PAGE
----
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|The Business of Therapy - Page 3|
And by the way, Facebook is one hell of a great way to sell something! In a medium known for impatience and micro attention spans, Facebook users spend an average of 20 minutes on the site per visit. When I learned this, my impatience with the lack of intellectual profundity in my friends' posts faded as my inner marketer began rubbing his hands in glee. Three hundred million people spending 20 minutes at a pop is as good as it gets in terms of online attention.
There are three ways to turn this attention into referrals for your practice:
(1) Your profile page
You can create a business profile separate from (or instead of) a personal profile, and it can include your website, office address, phone number, and list of services. Putting this information on Facebook gives you plenty of searchable keywords within the system—which is important because many people now do all their Internet searches from within Facebook, not from a search engine—and a well-constructed profile will show up in an ordinary Google search also.
(2) A fan page
The second thing you can do is create a fan page on Facebook. I was turned off by the term fan, which sounded cheesily entertainment-oriented and not professional for a therapist. But the reality is that many businesses are now using fan pages as a way to create a miniwebsite right within Facebook. With a fan page listing your practice information and services, you can again be found in a search within Facebook and Google. The main difference? Much less competition on Facebook (so far), since few therapists have created these types of pages.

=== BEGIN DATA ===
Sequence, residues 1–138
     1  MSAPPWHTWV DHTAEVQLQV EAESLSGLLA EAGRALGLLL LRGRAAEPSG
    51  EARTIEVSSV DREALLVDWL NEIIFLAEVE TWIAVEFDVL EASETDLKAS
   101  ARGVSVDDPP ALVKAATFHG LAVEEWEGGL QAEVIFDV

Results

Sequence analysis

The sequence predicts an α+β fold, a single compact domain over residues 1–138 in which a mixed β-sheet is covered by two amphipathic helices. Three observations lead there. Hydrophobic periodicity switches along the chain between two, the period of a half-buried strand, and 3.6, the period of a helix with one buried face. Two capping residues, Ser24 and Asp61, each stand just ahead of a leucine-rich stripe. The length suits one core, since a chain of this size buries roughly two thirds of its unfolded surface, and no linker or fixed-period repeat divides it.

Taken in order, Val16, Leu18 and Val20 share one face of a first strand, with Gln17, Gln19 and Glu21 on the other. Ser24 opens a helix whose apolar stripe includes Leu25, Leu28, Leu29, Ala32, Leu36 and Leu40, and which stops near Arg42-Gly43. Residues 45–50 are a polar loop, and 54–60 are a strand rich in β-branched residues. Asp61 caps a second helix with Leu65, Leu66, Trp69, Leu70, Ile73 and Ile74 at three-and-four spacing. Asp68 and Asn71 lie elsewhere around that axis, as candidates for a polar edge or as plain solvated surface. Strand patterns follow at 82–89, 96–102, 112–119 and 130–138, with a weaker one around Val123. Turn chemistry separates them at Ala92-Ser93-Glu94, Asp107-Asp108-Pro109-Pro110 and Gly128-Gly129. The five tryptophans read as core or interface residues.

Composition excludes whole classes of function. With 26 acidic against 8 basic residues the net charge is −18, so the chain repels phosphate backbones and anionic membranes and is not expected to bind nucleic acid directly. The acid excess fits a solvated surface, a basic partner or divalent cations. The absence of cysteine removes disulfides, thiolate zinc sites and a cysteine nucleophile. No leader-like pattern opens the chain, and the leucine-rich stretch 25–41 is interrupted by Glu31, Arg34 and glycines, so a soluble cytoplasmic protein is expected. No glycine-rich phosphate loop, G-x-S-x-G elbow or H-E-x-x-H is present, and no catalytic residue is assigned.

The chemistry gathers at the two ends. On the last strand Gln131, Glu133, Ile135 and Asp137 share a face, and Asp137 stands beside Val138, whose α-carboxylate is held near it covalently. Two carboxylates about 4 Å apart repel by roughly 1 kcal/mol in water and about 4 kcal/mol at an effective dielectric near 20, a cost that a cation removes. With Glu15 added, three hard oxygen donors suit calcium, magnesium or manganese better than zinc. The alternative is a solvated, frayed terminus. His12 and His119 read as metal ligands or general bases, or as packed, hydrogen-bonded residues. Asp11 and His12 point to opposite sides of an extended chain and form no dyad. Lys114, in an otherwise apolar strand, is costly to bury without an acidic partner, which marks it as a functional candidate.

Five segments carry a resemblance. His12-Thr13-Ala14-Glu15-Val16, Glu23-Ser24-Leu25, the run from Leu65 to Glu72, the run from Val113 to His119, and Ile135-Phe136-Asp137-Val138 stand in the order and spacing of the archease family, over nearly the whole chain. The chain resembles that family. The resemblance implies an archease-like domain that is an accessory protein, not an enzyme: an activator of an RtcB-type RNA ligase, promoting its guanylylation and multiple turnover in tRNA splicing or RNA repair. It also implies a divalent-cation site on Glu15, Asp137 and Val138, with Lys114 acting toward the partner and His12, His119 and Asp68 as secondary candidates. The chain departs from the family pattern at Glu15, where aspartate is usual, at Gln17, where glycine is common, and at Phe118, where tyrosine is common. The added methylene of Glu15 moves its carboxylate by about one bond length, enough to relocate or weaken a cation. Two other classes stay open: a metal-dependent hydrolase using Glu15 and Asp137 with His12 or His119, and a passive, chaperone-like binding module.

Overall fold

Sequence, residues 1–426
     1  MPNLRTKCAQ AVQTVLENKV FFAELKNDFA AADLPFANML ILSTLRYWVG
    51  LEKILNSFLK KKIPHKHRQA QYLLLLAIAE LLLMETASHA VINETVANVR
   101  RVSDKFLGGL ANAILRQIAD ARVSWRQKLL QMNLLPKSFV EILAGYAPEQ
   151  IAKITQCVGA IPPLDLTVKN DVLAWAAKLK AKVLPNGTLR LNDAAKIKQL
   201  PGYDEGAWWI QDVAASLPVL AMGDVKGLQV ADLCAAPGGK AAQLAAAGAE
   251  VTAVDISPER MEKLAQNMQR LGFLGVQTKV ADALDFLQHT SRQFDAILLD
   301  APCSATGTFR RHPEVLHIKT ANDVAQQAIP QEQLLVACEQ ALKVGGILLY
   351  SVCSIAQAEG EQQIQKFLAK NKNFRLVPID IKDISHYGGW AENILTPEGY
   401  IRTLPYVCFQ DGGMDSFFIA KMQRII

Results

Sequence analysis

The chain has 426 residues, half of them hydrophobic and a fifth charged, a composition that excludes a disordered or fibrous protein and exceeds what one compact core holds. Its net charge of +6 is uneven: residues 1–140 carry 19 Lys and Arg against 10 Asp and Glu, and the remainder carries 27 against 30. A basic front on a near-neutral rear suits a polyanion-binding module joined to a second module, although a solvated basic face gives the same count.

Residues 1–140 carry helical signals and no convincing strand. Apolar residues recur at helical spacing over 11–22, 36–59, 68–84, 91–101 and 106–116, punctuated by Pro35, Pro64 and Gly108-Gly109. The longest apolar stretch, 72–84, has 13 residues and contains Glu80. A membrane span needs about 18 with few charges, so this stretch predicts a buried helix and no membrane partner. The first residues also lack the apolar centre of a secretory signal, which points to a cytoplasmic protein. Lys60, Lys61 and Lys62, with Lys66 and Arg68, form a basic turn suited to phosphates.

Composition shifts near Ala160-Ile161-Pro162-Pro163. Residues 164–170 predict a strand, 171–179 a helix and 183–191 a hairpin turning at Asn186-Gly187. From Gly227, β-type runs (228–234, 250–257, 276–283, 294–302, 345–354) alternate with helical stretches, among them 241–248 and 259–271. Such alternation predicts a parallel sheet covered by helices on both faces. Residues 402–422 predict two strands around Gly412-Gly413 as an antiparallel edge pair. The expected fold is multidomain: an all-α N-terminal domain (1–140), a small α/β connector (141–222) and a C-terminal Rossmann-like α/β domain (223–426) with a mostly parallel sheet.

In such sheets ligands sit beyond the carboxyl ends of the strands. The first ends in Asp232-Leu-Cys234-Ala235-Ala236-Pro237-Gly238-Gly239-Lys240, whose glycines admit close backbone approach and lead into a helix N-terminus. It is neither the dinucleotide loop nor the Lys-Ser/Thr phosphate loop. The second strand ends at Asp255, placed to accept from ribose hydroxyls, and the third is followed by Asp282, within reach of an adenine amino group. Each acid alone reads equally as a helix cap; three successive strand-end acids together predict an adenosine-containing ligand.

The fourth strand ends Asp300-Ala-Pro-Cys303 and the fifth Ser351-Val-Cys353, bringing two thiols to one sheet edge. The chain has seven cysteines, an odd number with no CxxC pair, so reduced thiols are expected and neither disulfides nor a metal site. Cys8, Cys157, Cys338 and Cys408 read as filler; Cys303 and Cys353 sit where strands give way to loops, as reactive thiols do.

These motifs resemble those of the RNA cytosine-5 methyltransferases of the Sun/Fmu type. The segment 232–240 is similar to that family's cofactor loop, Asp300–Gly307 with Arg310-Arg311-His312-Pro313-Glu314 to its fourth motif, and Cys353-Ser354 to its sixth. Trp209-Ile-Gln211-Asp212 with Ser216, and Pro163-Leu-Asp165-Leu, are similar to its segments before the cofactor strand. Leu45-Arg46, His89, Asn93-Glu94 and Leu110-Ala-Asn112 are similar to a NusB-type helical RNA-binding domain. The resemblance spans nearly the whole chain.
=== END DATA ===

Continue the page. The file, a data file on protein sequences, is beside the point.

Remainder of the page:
(3) Pay-per-click ads
The third and most direct way to promote your practice is with pay-per-click ads. I was familiar with this type of ad, having been a Google AdWords user for several years. To my delight, I discovered that Facebook pay-per-click ads are much easier to set up, provide a more precise targeting of potential clients, and tend to be less expensive than Google AdWords. For example, let's say your ideal client is a married woman between the ages of 35 and 55 with a college degree who lives within 10 miles of Chicago. Facebook tells us there are 54,000 women on Facebook who fit this exact profile. We can create an ad promoting our services that will show up only on these women's homepages.
By creating this type of ad, I quickly added 10 referrals a month to my therapy practice, at a cost of only $30 per referral. The ads paid for themselves on the first session, and the rest has been pure profit.
I'm still puzzled about why some of my friends think I care what they had for lunch, but now that I understand privacy settings, I really enjoy going on Facebook for a quick update about what people I know and care about are up to. And with the added bonus of steady referrals to my practice, I'm happy to say that Facebook and I have become friends at last.
Joe Bavonese, Ph.D., is the cofounder and codirector of Uncommon Practices, a training organization that helps psychotherapists create their ideal practice through the study and implementation of business and marketing principles. The group offers consultations and workshops, and develops websites for private practitioners. Contact: email@example.com; http://www.facebook.com/joebavonese. Tell us what you think about this article by e-mail at letters@psychnetwork er.org, or at www.psychotherapynetwork er.org. Log in and you'll find the comment section on every page of the online Magazine section.